In the current economic climate, it turns out it is extremely easy to become homeless within a few weeks. First you lose your job, then you lose your home.
This reporter used to have a neighbor, 58-year-old Patrick Burke. He is an Englishman, who was employed as a cook at one of the many English pubs in what is dubbed by the English "Fish Alley", in the tourist town of Fuengirola.
Regrettably, as with many English-owned businesses in Spain, he was employed without a contract, and thus has no social or unemployment benefits whatsoever.
As his apartment is owned by the same landlord as this reporter, she was recently asked by the agency if Mr Burke was still living in the apartment, which he was at the time. The agency then explained that Mr Burke had apparently lost his job, and had not paid either rental or electricity and water charges for several months. Here in Spain, the owner pays the utilities, as they have to be in the name of that owner, and then the renter repays the owner.
The owner then made a trip down from Salamanca, where he lives, to visit Mr Burke. As Mr Burke speaks no Spanish, the agency representative had to do the talking and also, rather embarrassingly for Mr Burke, involved this reporter in the conversation. Mr Burke said that he would leave the apartment the next day at 10 am. The following morning, a representative was there at 10 am on the dot to take the keys.
This all happened about two weeks ago and Mr Burke has been sitting in a nearby plaza all day with his belongings and his dog, and as he retained a key to the outside door, he is sleeping in the building where he previously resided at night.
Mr Burke has a son, Richard Burke, around 30-years-old, who resides somewhere in the area. While it seems they don't get on too well, Richard does care about him, and came to the building some time ago looking for his father, as he was concerned that he had not heard from him in some time. This reporter allowed Richard to climb from her balcony on to his father's balcony, to check whether his father was lying ill, or even possibly dead, inside the apartment. Mr Burke also has an ex-wife somewhere in Spain, but this reporter has no contact with her and unfortunately no contact details were exchanged between Richard and this reporter at that time.
When encountering Mr Burke sleeping in the building at night, this reporter has repeatedly tried to find out contact details for his son. However, Mr Burke is suffering some kind of mental problem. He has always been difficult to communicate with, and now you cannot communicate with him at all - he just constantly talks over what you are saying with "I've got an interview tomorrow" or "I've had an interview but I need you to write some Spanish words for me," and other similar phrases.
Meanwhile, rather than having interviews the poor man is sitting in the hot sun in the plaza all day, and being July, it is very hot. Jobs are scarce in Spain at the best of times, with the current economic climate, and are almost impossible to find when only speaking English.
Patrick is keeping up his appearance somehow, as you can see from the photos, and anyone that didn't know better, on seeing him lounging in the plaza, would think it was just someone relaxing and doing a crossword puzzle. When sleeping in the building on the ground floor, he lines up all his belongings, including his (most definitely dead by now) mobile phone, keys etc. next to him on the bottom step, as if it was a bedside table.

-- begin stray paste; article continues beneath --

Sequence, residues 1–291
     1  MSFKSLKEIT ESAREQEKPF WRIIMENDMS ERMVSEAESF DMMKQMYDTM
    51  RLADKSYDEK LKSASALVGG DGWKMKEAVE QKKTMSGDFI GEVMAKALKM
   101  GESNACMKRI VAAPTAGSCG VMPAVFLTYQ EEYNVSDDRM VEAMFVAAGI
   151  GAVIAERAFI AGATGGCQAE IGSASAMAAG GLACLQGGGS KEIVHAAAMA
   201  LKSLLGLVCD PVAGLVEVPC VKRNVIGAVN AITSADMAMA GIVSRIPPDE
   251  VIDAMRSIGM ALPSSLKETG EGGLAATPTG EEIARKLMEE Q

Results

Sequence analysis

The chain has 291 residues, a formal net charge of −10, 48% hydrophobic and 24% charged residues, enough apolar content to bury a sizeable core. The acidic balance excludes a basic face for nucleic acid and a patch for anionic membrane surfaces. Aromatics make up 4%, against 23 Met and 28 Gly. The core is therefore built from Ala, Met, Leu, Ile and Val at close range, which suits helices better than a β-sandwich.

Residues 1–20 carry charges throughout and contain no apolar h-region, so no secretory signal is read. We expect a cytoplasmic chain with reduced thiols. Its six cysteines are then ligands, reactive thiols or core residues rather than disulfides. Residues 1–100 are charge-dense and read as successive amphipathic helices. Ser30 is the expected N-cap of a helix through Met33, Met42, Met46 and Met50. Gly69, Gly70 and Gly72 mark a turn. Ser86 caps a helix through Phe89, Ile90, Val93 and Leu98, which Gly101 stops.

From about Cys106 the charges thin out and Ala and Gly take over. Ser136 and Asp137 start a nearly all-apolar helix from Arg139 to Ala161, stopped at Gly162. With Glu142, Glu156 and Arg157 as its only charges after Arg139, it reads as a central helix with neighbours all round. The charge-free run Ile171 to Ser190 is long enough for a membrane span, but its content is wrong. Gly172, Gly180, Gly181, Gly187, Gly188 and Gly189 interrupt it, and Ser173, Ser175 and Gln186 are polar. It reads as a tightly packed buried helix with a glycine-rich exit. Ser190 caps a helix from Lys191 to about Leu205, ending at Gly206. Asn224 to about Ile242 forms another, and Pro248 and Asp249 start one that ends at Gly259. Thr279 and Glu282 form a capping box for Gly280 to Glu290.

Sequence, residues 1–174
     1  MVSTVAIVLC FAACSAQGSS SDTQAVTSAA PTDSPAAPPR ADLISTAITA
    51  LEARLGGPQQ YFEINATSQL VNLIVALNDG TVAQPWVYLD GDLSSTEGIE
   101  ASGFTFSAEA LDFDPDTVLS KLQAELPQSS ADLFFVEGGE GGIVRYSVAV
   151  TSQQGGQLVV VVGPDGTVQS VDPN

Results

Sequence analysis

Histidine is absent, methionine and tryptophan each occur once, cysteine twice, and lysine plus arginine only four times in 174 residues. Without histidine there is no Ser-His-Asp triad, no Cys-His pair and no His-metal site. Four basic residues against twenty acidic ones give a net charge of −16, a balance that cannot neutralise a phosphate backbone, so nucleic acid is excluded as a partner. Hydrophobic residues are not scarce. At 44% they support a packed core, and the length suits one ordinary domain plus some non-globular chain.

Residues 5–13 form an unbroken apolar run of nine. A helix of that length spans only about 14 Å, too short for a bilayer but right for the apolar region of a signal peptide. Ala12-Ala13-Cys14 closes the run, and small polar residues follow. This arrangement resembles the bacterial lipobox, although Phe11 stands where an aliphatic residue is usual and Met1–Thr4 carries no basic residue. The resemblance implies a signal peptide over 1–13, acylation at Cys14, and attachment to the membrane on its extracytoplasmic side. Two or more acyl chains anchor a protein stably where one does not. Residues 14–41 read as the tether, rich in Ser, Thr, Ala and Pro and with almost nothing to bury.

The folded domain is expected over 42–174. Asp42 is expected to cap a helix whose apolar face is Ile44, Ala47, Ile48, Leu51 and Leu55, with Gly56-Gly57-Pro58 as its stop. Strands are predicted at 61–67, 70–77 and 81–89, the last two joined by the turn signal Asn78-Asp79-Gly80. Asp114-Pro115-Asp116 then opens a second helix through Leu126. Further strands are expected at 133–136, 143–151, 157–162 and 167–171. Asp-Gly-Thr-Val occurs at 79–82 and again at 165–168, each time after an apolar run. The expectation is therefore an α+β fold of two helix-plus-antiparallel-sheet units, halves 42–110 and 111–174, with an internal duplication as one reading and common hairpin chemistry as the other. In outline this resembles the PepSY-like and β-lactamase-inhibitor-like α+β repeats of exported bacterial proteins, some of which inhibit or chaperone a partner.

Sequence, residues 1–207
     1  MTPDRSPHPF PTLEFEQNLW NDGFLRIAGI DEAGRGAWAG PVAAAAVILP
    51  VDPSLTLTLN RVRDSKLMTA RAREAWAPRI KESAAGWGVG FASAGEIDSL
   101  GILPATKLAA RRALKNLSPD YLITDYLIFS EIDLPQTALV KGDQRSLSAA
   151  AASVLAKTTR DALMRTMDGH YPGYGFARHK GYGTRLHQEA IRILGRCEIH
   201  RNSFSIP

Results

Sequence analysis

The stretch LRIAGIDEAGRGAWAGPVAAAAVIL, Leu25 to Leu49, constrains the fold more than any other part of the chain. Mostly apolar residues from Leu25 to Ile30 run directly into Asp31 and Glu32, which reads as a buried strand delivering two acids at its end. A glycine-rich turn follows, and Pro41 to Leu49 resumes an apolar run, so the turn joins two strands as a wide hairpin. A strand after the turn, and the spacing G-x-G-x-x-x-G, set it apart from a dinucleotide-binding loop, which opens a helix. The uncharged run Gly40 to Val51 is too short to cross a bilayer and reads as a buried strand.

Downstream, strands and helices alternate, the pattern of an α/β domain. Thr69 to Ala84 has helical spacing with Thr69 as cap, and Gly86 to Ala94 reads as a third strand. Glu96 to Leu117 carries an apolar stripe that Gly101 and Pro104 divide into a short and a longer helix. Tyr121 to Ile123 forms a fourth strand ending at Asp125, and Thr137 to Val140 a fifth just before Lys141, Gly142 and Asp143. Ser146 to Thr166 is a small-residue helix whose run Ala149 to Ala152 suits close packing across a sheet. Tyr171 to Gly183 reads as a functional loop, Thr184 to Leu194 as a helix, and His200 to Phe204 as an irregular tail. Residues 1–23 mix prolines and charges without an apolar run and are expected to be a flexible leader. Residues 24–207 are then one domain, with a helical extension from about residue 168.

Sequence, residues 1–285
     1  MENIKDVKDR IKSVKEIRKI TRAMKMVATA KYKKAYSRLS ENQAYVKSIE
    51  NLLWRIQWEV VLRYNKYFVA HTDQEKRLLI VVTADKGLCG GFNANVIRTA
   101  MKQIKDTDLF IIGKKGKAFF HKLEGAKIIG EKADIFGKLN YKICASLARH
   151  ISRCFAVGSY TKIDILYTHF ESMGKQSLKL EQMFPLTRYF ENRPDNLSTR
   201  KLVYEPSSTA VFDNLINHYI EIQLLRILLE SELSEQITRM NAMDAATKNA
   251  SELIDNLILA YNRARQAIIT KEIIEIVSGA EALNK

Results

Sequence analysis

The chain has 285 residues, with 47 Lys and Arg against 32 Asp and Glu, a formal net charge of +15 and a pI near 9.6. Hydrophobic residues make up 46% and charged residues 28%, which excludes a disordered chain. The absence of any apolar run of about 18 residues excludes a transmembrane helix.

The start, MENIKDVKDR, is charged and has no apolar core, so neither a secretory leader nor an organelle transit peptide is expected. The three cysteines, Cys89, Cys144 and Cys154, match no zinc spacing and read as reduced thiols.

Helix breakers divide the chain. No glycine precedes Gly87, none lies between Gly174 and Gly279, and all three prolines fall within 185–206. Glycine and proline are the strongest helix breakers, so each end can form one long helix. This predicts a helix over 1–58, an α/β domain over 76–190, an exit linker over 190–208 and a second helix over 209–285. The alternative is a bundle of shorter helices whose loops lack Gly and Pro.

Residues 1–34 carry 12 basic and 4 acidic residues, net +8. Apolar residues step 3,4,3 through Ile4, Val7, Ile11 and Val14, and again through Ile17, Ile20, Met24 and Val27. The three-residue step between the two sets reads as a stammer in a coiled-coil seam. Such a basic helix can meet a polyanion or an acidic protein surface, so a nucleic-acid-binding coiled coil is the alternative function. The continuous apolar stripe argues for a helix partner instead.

Whenever encountering him either on the ground floor, or on her own floor, this reporter does give his dog, a French Bulldog named Diesel, food and water, for which she is very grateful.
This reporter searched for his son on Facebook, and finally found him, as he likes "Video Cafe Fuengirola". She left a message on his Facebook page, and also on the page for the Video Cafe. While the Video Cafe page owner does know him, he hasn't seen Richard for some time, but also left a message for him.
However, it has now been at least two weeks and nothing has been heard from Richard, who probably doesn't live on the Internet like most of us.
The only advice this reporter has received is to contact the British Consulate in Malaga, who could arrange to send him back to England to get help. However, this seems a drastic step, knowing that he does have immediate family here in Spain. On contacting the agency who manages the building about him sleeping here at night, the only advice they gave to a downstairs neighbor was to call the police - again a rather drastic measure.
A local English-speaking newspaper is currently taking up the story, and one of their reporters will be attempting to interview Patrick, and has been warned that this might be difficult. They will publish a story about him in the newspaper, and if this fails, they say they will "use their contacts" at the British Consulate.
In the meantime, it seems the best thing to do is to get the word out in printed form, as in the local English newspaper, and on the Internet, in the hope that it catches the eye of someone who knows Patrick Burke or his son Richard.
This reporter would like all English members of Digital Journal, or English visitors who view this article, to please spread the word. Possibly a relative in England will spot this and be able to contact Richard. On Richard Burke's Facebook page, he apparently attended the Wiltshire College in Salisbury in 2003, and this reporter believes that he also works in one of the English pubs in the area.
This opinion article was written by an independent writer. The opinions and views expressed herein are those of the author and are not necessarily intended to reflect those of DigitalJournal.com